Manchester

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heard

calzino, Tuesday, 22 October 2019 08:42 (nine months ago) link

This is a knock-on effect of austerity, right? Massively reduced central government funding -> councils desperately need to increase their tax base -> developers have them over a barrel? This is without me knowing anything about the ideological bent of individual Manchester councillors obviously.

Leaving aside ongoing gentrification + the effects of the BBC in Manchester, the people most in need get fucked twice, once with slashed government support and again with rising housing costs and consequent displacement.

Matt DC, Tuesday, 22 October 2019 08:46 (nine months ago) link

yes that's otm. the mayor's role is v vague and weak atm hence him getting ppl to sign his campaign for 18 new powers and this is currently outside of his purview. owen hatherley reckons we need a haringey style coup, idk how that worked in practical terms and ppl in haringey still seem pissed off about corporate regeneration schemes and social cleansing. the council are inexplicably feeble at enforcing social housing quotas on developers, I think they have the worst record in the country, and I doubt the entirety of the property boom can be put down to this slackness, but without reversing the cuts I'm not sure how much could be improved

ogmor, Tuesday, 22 October 2019 08:53 (nine months ago) link

It mentions one of the projects couldn't get planning permission previously because of its height and now an even taller version has been green-lighted, it all comes down to reduced central gov funding, be nice if they'd admit this rather than barely credible speak of "robust assessment"

I'm looking forward to a really measured and thoughtful counter piece in the Graun by Giggsy on this.

calzino, Tuesday, 22 October 2019 09:00 (nine months ago) link

the bbc is ofc in salford, which from the little I know seems like a better council despite being poorer and having had I think the worst cuts in percentage terms of any council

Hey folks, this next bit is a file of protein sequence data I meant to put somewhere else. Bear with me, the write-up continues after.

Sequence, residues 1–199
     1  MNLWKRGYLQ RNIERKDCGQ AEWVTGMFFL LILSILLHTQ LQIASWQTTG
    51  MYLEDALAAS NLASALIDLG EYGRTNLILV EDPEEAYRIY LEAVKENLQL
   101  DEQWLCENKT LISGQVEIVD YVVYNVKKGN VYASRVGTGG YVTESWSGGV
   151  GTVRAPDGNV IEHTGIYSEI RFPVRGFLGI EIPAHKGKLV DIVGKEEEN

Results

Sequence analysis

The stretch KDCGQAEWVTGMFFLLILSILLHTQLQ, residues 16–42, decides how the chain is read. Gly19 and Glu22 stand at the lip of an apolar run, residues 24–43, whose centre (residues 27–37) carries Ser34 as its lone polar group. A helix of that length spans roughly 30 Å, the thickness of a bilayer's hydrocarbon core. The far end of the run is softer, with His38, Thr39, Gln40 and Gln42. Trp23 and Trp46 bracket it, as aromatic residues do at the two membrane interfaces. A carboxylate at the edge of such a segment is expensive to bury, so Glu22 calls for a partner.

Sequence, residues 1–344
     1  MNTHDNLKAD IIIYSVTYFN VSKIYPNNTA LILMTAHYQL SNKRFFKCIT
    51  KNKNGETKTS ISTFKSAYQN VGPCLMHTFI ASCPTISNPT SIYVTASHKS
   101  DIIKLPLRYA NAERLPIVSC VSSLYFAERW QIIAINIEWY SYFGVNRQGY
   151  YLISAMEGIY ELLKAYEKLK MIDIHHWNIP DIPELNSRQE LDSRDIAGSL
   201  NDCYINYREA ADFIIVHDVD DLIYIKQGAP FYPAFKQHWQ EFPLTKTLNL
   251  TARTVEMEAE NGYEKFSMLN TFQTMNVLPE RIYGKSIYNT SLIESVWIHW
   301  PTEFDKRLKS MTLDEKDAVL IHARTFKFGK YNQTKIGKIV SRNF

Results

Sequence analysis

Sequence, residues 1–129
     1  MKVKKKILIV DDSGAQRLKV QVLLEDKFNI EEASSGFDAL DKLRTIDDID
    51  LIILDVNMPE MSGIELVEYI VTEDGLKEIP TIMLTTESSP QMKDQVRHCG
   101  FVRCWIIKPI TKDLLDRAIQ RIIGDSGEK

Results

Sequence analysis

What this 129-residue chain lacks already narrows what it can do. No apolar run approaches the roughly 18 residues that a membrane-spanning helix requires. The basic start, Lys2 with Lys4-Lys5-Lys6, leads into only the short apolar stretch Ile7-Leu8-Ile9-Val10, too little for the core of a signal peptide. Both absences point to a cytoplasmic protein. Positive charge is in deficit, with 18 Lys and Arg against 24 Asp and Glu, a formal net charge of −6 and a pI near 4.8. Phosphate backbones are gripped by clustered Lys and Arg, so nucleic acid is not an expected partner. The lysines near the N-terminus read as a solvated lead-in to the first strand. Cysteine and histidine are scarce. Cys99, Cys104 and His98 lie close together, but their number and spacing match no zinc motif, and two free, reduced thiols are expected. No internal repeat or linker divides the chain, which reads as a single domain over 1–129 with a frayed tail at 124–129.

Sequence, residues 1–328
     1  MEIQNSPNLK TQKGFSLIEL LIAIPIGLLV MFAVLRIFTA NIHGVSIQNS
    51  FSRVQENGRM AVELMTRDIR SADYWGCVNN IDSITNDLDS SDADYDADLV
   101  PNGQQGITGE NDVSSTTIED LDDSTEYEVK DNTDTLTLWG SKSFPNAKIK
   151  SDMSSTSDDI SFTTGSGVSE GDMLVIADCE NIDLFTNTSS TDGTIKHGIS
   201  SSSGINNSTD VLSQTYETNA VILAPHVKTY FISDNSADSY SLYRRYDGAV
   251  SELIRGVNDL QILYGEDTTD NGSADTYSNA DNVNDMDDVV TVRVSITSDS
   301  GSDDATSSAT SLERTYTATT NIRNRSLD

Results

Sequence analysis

ogmor, Tuesday, 22 October 2019 09:01 (nine months ago) link

The BBC's in Salford but I guess a lot of the people who work there live in Manchester and these developments are there to service that demand?

Matt DC, Tuesday, 22 October 2019 09:10 (nine months ago) link

the ppl I know who work round media city live in trafford or salford, which is more suburban. I'm sure there are plenty in the city centre but part of the problem with the new developments is they're not v family friendly (neither is the city centre) and I'd imagine it's only a fraction of the overall demand and a lot of the developments are happening over the other side of town, are aimed at rich foreign students etc.

ogmor, Tuesday, 22 October 2019 09:25 (nine months ago) link

some very small scale local property developer fuckery that pissed me off in recent years is a row of beautiful cottages that were built in the 1650's and would have only required minor refurbs to make them good, that were bulldozed down, and the space they inhabited has sat empty/become part of some developers land collection ever since. An early 1800's derelict building with a handsome (but broken and stopped for years) clock-tower recently demolished and the ugly ass wooden/breeze block flats construction they are putting in its place would have caused Nairn to have a stroke.

calzino, Tuesday, 22 October 2019 10:17 (nine months ago) link

two weeks pass...

Free ticket to see Earth at Gorilla tonight if anyone wants it - won it in a competition and one of my pals has dropped out

knowing for certain the first touch of the light will finish you (fionnland), Monday, 11 November 2019 15:31 (eight months ago) link

six months pass...

Ten years on, @owenhatherley considers again Manchesters 'New Ruins' and asks, what is the legacy of the Leese leadership?https://t.co/VQBhxqaDDX

— Greater Manchester Housing Action (@gmhousingaction) June 4, 2020

xyzzzz__, Thursday, 4 June 2020 19:21 (two months ago) link

some juicy stuff in there. I think development has been increasing, there's so much still going up, & I wonder how much it'll be impacted by the current shitshow and whether it will all get finished. there have been a few aborted projects that were left barely started for years before getting demolished, you'd think shit like the big circle square development on the site of the old bbc on oxford road is too far along to meet the same fate but who knows

The Cognitive Peasant (ogmor), Thursday, 4 June 2020 21:51 (two months ago) link

one month passes...

Thinking of making a rolling list of (good) places that are closing down, it's depressing af. So far I've heard about: Lunya, Nexus, Deaf Institute, Gorilla

rumpy riser (ogmor), Thursday, 16 July 2020 15:50 (two weeks ago) link

Sad about Nexus.

Know it's London but just saw a tweet by Cafe To who are hiring out their venue as rehearsal space to stay afloat :-(

xyzzzz__, Thursday, 16 July 2020 17:36 (two weeks ago) link

Apparently ~90% of music venues are looking like the might close

rumpy riser (ogmor), Thursday, 16 July 2020 23:18 (two weeks ago) link

That's really sickening.

(That should be *Oto, above)

xyzzzz__, Friday, 17 July 2020 09:39 (two weeks ago) link

Coincidentally, 90% of live music I've seen in the last 5 years has been at Cafe Oto.

The Fields o' Fat Henry (Tom D.), Friday, 17 July 2020 10:07 (two weeks ago) link


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